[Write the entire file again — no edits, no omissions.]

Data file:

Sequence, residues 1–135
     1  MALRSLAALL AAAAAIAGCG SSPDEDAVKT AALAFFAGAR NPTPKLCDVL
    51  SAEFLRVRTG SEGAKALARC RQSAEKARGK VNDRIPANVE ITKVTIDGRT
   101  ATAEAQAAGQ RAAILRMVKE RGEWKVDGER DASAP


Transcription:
Sequence, residues 1–135
     1  MALRSLAALL AAAAAIAGCG SSPDEDAVKT AALAFFAGAR NPTPKLCDVL
    51  SAEFLRVRTG SEGAKALARC RQSAEKARGK VNDRIPANVE ITKVTIDGRT
   101  ATAEAQAAGQ RAAILRMVKE RGEWKVDGER DASAP